A curse-laden chant from the USC student section aimed at “those Mormons” during Saturday’s BYU game can’t break the near-centurylong bond between Latter-day Saints and the University of Southern California.

In 1935, a curious invitation arrived at 47th East Temple Street in Salt Lake City from USC: come and help us teach a course “in the program of the Mormon Church as a regular subject of instruction on campus.”

John A. Widtsoe, a Latter-day Saint apostle known for his piercing intelligence (he graduated with honors from Harvard) and sturdy Norwegian accent (he was born on the island of Frøya) received the assignment. He traveled to Los Angeles with his wife Leah D. Widtsoe — an academic in her own right — for a one-year appointment teaching USC’s first course of study on The Church of Jesus Christ of Latter-day Saints.

It may have been the first course of its kind outside the state of Utah.

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Widtsoe, a retired university president, would later reflect on the experience in his autobiography: “Sound, prominent thinkers felt that if collegiate youth … were made acquainted with living religions in a systematic, dignified manner, placed at least on equal footing with all academic subjects, it might help advance the national welfare.”

He concluded: “The University of Southern California dared to initiate this training and has continued the work since that day.”

Nearly a century later, there’s a steadily growing list of programs and conferences across the country that focus on studying the church’s history, teachings and members, including on the very campus where it all started: the University of Southern California. In 2015, Larry Eastland, a graduate of both Brigham Young University and the University of Southern California, joined with other prominent church members and faith leaders to help initiate the John A. Widtsoe Foundation in collaboration with the University of Southern California’s Office of Religious Life.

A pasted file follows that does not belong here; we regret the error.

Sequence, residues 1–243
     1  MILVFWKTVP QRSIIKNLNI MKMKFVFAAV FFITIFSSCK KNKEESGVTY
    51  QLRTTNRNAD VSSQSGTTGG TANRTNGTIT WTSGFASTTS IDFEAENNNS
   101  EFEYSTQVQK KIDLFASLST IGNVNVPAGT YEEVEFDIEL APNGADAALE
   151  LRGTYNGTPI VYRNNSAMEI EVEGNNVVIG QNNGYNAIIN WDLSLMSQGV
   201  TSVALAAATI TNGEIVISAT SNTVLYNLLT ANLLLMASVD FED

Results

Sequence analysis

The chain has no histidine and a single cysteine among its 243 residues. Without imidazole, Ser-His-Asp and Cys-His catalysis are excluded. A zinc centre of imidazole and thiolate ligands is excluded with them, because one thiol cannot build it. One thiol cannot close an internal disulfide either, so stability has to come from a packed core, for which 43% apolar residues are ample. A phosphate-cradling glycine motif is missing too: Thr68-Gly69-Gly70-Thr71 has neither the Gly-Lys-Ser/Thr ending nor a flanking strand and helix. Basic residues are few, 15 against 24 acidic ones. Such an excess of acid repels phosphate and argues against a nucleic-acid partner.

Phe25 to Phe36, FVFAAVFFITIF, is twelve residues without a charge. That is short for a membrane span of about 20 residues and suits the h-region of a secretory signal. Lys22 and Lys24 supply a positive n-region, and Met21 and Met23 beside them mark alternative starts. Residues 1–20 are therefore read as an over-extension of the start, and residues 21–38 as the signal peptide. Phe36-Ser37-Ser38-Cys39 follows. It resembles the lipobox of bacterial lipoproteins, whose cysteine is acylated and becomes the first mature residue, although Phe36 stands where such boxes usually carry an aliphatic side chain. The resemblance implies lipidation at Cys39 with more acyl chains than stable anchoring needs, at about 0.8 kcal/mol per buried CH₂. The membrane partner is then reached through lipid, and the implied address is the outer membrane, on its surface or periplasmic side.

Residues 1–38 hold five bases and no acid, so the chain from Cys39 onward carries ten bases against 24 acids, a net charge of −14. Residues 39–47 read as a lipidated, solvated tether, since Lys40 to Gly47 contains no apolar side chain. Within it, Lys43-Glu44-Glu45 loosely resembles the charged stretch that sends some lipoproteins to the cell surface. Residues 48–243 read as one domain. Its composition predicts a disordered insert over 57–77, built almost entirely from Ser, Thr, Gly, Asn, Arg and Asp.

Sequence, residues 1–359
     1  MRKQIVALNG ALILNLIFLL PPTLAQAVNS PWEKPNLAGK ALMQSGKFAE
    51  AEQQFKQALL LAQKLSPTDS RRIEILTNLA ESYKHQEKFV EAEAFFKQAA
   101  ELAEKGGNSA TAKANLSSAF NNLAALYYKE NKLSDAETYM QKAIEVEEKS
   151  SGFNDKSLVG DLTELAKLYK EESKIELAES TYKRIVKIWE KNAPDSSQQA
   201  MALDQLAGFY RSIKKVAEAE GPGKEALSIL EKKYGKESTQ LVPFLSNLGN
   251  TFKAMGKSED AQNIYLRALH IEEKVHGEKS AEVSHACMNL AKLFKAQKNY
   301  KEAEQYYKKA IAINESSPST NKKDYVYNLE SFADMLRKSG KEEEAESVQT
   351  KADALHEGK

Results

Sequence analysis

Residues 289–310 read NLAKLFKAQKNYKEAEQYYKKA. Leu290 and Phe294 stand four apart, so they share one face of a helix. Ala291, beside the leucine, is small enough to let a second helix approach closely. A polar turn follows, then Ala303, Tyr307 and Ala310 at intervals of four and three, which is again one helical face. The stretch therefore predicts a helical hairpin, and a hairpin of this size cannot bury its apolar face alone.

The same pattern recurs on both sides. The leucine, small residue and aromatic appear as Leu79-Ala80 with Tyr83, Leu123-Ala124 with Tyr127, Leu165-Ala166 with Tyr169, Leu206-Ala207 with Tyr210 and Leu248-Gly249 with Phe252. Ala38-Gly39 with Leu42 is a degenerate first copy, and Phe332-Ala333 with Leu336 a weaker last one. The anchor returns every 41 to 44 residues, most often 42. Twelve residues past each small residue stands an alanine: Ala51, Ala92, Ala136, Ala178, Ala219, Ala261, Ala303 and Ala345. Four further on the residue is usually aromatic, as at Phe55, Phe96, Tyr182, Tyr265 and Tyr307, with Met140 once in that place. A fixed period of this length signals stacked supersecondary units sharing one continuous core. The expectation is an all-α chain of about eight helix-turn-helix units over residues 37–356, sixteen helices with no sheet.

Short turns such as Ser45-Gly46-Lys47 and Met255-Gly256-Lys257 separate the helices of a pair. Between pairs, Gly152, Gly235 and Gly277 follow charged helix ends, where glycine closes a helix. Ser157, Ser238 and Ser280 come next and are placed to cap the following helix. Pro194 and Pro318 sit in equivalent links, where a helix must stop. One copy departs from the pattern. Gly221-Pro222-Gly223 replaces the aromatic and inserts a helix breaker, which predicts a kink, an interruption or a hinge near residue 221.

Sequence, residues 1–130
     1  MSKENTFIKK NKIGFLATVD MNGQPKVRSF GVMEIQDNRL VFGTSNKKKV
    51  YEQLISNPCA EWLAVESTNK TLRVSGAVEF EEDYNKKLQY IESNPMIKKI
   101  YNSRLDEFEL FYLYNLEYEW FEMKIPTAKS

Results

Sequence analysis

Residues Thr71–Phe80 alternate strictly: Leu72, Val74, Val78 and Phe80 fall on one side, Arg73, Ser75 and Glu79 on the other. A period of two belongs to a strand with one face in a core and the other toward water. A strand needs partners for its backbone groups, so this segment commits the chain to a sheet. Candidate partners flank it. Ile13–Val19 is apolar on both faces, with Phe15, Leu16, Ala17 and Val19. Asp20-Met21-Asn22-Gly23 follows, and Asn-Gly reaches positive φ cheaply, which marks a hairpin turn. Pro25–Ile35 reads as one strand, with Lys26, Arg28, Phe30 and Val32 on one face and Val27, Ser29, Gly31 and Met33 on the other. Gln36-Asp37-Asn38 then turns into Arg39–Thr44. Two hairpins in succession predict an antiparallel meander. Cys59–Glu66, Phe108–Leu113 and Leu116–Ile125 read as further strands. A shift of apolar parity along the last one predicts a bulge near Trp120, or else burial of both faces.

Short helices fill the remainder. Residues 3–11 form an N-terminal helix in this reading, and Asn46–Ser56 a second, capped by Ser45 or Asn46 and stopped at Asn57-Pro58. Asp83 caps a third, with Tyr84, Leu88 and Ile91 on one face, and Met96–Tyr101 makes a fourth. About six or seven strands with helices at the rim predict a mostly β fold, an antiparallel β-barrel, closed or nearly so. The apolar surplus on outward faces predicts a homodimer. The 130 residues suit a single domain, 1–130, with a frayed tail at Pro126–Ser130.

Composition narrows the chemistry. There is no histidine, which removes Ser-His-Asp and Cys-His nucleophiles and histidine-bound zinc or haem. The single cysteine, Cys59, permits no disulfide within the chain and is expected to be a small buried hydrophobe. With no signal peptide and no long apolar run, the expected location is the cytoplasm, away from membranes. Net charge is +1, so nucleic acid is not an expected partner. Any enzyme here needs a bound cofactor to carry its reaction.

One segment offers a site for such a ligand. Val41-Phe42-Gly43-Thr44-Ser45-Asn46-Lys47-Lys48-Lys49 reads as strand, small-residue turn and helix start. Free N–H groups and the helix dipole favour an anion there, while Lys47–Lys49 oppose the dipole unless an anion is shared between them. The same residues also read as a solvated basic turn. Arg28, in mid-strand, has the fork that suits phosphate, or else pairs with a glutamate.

The Widtsoe Foundation has already hosted a variety of globally minded, interfaith dialogues and symposia featuring the likes of Elder Dieter F. Uchtdorf of the church’s Quorum of the Twelve Apostles and Bishop Gérald Caussé of the church’s Presiding Bishopric. But, beyond the academic and interfaith spaces, thousands of Latter-day Saint students, administrators and professors have, over the years, called USC their home.

Indeed, as the Deseret News reported, USC’s own quarterback at Saturday’s game, Jaxson Dart, is a member of The Church of Jesus Christ of Latter-day Saints who was likewise recruited by the Cougars.

The Trojans’ defensive line coach Vic So’oto is also a member of the church and took the time to publicly apologize for the chant after the USC athletic department had done the same:

It was a classy move, and a further testament that the bonds nearly a century in the making can’t be broken in a single night.

Of course, this doesn’t mean students can’t improve or be taught a better way at places like USC, BYU, or beyond. As Widtsoe himself appreciated, “students should be trained in the fundamental principles that lead to spiritual development and worthwhile living.”

At BYU, this includes eliminating “Let’s go Brandon” chants. And, at USC, perhaps fewer expletives aimed at “those Mormons.” Or, if that’s a bridge too far, maybe start by getting our preferred name right (members of The Church of Jesus Christ of Latter-day Saints).

It will make for a more exciting chant.